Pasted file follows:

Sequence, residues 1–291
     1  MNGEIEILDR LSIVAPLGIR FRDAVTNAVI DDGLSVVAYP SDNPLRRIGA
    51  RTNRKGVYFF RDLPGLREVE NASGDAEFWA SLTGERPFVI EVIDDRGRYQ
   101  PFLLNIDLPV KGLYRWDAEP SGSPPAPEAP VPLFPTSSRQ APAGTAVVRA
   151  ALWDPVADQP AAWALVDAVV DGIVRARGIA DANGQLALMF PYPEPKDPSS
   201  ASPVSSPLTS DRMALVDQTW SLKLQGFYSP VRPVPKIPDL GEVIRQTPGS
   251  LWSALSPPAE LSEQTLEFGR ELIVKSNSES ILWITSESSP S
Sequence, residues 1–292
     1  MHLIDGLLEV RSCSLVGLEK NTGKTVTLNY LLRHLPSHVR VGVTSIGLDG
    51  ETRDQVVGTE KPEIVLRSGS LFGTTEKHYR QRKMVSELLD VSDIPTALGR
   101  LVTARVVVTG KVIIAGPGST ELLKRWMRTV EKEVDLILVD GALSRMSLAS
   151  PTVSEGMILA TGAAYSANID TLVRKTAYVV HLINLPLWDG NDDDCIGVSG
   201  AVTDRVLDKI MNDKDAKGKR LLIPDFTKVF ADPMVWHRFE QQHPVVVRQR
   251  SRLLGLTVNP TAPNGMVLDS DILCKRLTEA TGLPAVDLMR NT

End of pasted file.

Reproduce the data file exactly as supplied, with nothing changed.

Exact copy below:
Sequence, residues 1–291
     1  MNGEIEILDR LSIVAPLGIR FRDAVTNAVI DDGLSVVAYP SDNPLRRIGA
    51  RTNRKGVYFF RDLPGLREVE NASGDAEFWA SLTGERPFVI EVIDDRGRYQ
   101  PFLLNIDLPV KGLYRWDAEP SGSPPAPEAP VPLFPTSSRQ APAGTAVVRA
   151  ALWDPVADQP AAWALVDAVV DGIVRARGIA DANGQLALMF PYPEPKDPSS
   201  ASPVSSPLTS DRMALVDQTW SLKLQGFYSP VRPVPKIPDL GEVIRQTPGS
   251  LWSALSPPAE LSEQTLEFGR ELIVKSNSES ILWITSESSP S
Sequence, residues 1–292
     1  MHLIDGLLEV RSCSLVGLEK NTGKTVTLNY LLRHLPSHVR VGVTSIGLDG
    51  ETRDQVVGTE KPEIVLRSGS LFGTTEKHYR QRKMVSELLD VSDIPTALGR
   101  LVTARVVVTG KVIIAGPGST ELLKRWMRTV EKEVDLILVD GALSRMSLAS
   151  PTVSEGMILA TGAAYSANID TLVRKTAYVV HLINLPLWDG NDDDCIGVSG
   201  AVTDRVLDKI MNDKDAKGKR LLIPDFTKVF ADPMVWHRFE QQHPVVVRQR
   251  SRLLGLTVNP TAPNGMVLDS DILCKRLTEA TGLPAVDLMR NT